Last Sunday I preached about our call to be one another's Pieces of Hope in a dangerous world. I talked about the need for faith communities to be places that hold space for those called to work for peace and justice, places where rage and grief, celebration and hope can be held in common. I used Judith Butler's term, Communities of Care, from this interview to describe what I believe we are called to be for such a time as this. (I am sorry the sound wasn't working. Here is my script with my sermon notes.)
Later in the afternoon I was driving home and saw that a march for Ceasefire in Palestine was happening near the Capital. I was sad to discover that faith leaders in our community that are working on issues of Peace were not made aware of this event. I was even more saddened to hear that the organizers did not want Christian clergy there, assuming we are all Christian Nationalists and Christian Zionists.
I was sad because I know that so many people who identify as Christian would stand together regardless of our theologies and demand a ceasefire in Palestine because every death, whether Palestinian or Israeli, is worthy to be mourned. Every human being, regardless of where they live, what God they pray to, what color or culture, gender or sexuality, every human being killed by senseless violence is worthy of our rage and grief.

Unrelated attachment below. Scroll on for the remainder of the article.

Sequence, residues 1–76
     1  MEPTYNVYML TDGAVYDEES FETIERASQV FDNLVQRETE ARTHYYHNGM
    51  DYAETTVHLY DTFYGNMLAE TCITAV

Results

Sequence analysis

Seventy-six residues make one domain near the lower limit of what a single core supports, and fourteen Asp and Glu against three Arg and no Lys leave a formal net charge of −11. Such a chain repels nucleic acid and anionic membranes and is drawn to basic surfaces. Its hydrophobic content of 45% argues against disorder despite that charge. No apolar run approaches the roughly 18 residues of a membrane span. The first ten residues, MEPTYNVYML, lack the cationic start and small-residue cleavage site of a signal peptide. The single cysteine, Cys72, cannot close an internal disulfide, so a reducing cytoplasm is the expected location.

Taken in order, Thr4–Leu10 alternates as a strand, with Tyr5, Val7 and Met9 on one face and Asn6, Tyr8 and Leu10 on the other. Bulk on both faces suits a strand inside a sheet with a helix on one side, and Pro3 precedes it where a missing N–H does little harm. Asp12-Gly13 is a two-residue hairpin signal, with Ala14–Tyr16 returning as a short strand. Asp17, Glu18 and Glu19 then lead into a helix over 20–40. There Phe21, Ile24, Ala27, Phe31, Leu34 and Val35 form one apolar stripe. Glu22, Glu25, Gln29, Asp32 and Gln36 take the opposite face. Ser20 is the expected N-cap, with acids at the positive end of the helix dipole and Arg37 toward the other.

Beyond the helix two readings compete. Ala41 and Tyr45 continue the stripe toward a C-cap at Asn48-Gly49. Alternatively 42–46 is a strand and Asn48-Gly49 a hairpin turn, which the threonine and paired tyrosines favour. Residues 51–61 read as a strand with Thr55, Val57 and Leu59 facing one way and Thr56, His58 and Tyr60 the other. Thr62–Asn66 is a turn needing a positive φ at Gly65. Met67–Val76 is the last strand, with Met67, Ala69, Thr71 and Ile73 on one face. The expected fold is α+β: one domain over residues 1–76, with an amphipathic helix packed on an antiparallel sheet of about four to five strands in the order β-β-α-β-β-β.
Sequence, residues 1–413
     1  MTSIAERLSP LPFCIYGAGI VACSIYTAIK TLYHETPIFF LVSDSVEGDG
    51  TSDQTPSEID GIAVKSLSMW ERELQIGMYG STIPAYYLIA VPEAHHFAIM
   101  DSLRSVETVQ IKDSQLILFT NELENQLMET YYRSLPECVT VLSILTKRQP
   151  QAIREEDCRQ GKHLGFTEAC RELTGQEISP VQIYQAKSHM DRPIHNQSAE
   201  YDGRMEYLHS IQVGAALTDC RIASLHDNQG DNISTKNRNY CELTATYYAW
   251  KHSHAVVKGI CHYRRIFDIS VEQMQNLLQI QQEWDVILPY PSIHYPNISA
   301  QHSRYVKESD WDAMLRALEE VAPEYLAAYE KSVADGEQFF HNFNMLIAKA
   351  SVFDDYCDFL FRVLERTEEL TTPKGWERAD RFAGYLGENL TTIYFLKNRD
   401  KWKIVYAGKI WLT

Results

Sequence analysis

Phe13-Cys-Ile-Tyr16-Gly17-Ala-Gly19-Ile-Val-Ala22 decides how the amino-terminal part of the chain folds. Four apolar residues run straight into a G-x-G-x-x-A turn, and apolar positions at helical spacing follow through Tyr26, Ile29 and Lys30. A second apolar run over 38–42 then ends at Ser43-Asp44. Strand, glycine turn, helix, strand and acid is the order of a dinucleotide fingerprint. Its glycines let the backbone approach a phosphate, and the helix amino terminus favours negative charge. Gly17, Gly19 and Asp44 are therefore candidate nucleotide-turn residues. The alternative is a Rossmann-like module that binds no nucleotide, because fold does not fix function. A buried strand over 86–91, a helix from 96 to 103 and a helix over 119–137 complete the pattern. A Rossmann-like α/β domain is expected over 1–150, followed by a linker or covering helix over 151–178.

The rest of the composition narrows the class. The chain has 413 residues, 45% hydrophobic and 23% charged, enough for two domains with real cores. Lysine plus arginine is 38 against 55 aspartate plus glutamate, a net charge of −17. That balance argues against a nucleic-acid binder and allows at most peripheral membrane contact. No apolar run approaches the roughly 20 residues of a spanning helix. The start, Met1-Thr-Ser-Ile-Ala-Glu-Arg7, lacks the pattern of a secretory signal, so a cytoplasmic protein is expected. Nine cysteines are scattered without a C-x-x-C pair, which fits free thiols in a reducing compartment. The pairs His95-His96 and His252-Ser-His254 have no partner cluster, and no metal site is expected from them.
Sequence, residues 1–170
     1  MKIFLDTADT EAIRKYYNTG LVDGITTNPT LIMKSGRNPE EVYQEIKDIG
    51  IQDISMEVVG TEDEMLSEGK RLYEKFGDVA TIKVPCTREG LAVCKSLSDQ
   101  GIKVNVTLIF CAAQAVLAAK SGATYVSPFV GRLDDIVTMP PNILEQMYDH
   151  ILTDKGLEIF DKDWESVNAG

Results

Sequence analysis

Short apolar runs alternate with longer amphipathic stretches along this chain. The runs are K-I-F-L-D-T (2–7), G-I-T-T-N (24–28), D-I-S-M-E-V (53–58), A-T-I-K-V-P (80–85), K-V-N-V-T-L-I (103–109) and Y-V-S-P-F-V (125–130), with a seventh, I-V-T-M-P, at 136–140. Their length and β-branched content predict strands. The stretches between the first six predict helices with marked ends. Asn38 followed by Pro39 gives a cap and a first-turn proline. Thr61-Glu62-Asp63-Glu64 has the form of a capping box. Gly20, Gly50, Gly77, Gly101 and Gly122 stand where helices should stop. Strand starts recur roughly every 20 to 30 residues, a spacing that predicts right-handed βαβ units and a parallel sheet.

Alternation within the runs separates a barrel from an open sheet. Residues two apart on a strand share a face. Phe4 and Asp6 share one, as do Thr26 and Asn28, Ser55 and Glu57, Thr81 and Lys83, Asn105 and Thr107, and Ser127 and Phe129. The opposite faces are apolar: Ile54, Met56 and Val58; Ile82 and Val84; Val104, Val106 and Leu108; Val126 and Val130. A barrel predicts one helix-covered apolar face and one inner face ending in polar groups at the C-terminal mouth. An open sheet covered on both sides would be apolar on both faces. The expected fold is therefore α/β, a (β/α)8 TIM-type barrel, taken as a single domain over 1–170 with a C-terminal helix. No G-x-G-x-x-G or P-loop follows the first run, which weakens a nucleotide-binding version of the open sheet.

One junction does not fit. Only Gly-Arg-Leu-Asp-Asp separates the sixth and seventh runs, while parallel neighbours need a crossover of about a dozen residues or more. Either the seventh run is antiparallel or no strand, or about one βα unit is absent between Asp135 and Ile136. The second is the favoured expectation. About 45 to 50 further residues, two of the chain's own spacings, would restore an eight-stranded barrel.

For many who have been part of the justice movements for the last 50 years, the idea of sitting with our grief and rage, spending the time to be a community of care, seems like a big waste of time. Listening to one another when there are people dying seems self-absorbed. And yet, if we do not create ways for care to happen in community we are unable to truly trust one another when we speak for and with the voiceless.
Being a place where we experience both comfort and joy is something to which the "church" has always been called. In Acts, chapter 4, the writer says about the newly forming community of Christ, they were "of one heart and soul and no one said that any of the things that belonged to them were their own, but they had everything in common." ESV. They were to be one another's Piece of Hope, Peace, Joy, and Love. They were to be the advent of God with and for one another. They were to bring comfort and joy in the face of terror and suffering.
I still believe this is what the church is called for and what I have given my life in service to. And, to live out this call we need to make room for miracles. Surprises that are of God and not ourselves.
May we seek the surprise found in the manger, the comfort and joy found on the hillside, and the peace and good will found in communities of care all around the world.
Blessings and Peace,